When I use the “lack governance”, I mean something different. I will address this in a separate response.

Wearing my developer hat I understand the execution-spec and the like are better than YP. Wearing my PhD student hat, I however understand the academia needs something like YP, just like @gcolvin mentioned. The problem with YP lack of updates is not inheriting to YP itself, it’s a living testimony of that we haven’t foster a good enough open contributor culture to YP and a room of improvement. We can discuss this later.

It’s not in the scope of the EIPs repo to care about which EIPs are implemented where. IMO a core EIP that doesn’t get included should still be finalized in the EIPs repository, assuming it was extensively tested.

The process need not be different for Core EIPs and ERCs. Core EIP authors want their spec to be included as fast as possible in order to maximize visibility, to get discussion started, and to allow suggestions and proposal forks to be made. The same motivation is true for ERC authors. Therefore, the idea of splitting the repository makes absolutely no sense.

Apologies for my likely superficial perspective here, but I just caught this issue by chance.
However, I can’t help but wonder are the EIP volunteers or paid? (Will follow up depending on answer).

Mostly volunteers, though “it depends”. Ethereum Cat Herders offered some stipends to some (and still might?), others do this as part of their “day job”, etc.

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Random twitter poll points to community being okay with splitting them up:


I am very pro splitting EIPs and ERCs. I don’t have the capacity to read the whole thread but I wanted to respond to a few points.

I think the biggest advantage is focus. Right now I never look at the EIPS, only if I am forced to (when I have to implement something, …). I never have the urge to go and lock what cool new EIPs are currently being drafted, because there are 92 open PRs, most of them concerning ERCs.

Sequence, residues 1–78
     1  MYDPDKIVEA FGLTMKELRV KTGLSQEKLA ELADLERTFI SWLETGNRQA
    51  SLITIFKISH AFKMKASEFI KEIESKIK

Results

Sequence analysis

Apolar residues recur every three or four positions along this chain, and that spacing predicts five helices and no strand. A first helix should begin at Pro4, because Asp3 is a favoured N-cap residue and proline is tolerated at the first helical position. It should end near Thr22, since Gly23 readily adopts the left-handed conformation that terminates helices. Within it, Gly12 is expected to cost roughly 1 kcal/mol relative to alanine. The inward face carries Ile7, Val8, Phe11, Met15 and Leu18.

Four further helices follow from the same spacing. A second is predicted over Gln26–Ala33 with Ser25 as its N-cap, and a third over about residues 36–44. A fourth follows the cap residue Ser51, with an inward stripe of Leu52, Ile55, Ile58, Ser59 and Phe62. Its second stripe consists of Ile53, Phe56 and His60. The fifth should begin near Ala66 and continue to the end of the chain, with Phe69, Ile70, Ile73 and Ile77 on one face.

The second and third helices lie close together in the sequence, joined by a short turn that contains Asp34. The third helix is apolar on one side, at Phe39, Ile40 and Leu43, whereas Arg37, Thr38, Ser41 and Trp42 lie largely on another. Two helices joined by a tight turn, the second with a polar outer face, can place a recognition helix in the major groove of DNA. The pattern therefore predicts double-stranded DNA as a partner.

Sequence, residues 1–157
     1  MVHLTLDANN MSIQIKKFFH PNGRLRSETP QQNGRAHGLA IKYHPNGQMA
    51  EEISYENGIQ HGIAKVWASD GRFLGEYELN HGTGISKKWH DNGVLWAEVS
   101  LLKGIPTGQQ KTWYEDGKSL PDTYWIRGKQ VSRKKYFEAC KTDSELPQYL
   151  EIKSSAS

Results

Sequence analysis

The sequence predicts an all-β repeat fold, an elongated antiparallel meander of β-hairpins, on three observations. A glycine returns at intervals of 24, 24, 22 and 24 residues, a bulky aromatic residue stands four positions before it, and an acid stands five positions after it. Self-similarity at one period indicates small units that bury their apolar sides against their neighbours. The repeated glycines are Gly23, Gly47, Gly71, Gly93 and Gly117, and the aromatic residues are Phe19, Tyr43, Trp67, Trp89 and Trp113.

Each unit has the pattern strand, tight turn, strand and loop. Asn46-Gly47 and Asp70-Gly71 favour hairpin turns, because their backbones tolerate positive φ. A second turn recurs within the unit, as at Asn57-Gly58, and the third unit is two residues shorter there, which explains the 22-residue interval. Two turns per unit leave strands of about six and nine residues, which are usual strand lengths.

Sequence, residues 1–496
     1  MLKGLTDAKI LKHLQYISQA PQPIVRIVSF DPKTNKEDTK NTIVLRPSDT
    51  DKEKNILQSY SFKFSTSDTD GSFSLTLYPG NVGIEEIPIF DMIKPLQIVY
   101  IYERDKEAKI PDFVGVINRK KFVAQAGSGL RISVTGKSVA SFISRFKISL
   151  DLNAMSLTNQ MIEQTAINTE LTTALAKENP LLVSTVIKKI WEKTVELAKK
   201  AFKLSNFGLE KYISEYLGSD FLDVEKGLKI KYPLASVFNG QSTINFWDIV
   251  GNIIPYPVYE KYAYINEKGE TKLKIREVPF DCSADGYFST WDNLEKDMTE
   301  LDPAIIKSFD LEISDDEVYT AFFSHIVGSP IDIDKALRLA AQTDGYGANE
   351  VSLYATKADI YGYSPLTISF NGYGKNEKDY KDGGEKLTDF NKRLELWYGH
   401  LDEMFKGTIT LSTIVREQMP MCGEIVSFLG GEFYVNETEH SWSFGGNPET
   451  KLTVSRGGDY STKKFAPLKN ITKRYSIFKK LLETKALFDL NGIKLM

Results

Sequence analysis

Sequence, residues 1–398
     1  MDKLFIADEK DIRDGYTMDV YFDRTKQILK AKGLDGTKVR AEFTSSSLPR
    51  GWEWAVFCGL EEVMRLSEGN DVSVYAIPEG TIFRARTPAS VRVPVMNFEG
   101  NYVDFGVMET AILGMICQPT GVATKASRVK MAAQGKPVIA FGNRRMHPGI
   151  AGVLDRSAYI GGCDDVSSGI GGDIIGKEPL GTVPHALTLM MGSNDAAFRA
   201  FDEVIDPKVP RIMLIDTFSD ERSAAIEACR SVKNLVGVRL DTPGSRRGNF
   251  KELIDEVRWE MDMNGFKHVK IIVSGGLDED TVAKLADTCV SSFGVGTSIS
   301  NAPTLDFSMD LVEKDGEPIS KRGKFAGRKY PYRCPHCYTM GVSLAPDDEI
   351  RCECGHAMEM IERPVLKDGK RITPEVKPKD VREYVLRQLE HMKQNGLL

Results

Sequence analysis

I disagree with this. In my opinion splitting the processes will actually increase the number of eyeballs on the EIPs. Right now no one looks at them (except the EIP editors) and as I said earlier this is because of so much spam and unnecessary or useless proposals.

The intentions and goals might be the same, but the audiences are very different. EIPs are meant to be discussed and reviewed by core devs, while ERCs are used by the greater community to establish standards. They require different processes and have completely different audiences imo.

I think EIPs are a tool and as a tool they should serve the core dev community. They are not doing a great job at that (I think everyone can agree on that). Splitting the repos into two will be a great step in the right direction imo. It will allow us to focus while giving the greater community a shelling point for their proposed standards as ERCs. Historically having the same process for both might’ve made sense when we had 20 proposals, but with >4000 proposals its just not practical anymore.

I also like some of the other proposals, like creating an RSS feed and mailing list, but they should be secondary to us splitting the repos.


Since it’s a role that does not have the same prestige as a client developer (broadly speaking) I think it is more like a job than a volunteer role The struggle to get volunteers speaks to this. I think like the website there should be a few people who are paid to do EIPs, funded by the EF. Just my 2c.

Okay, here is the solution to everyone’s issues:

And a full narrated YouTube explaining it: New EIPs homepage PR 6483 - YouTube

Don’t have time to click that button? Here is a gif, you’re already watching it…



The biggest reason to split the repositories is that it will make it easier for the processes to diverge, both in governance and technical stuff (like CI.) Sure, we can have the processes diverge in the same repository, but it makes the tooling simpler if we also split the repositories.

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Our bots do add tags to the PRs to make them easier to search (eg. Core Only) but I do very much see your point here.


FYI - you can filter PRs easily. For example, to view only new Core EIPs, you can use:

EDIT: Wow, I missed sam’s comment above. Great minds think alike, I guess.

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A meta-comment on these recurring split-the-repo discussions:

My old psychology mentor had a (tautological) maxim: “If a situation calls for a person to do something they can’t do then they will do something they can do, if they do anything at all.”

It seems to me that we have social problems that we don’t know how to solve, so we are trying to solve technical problems instead.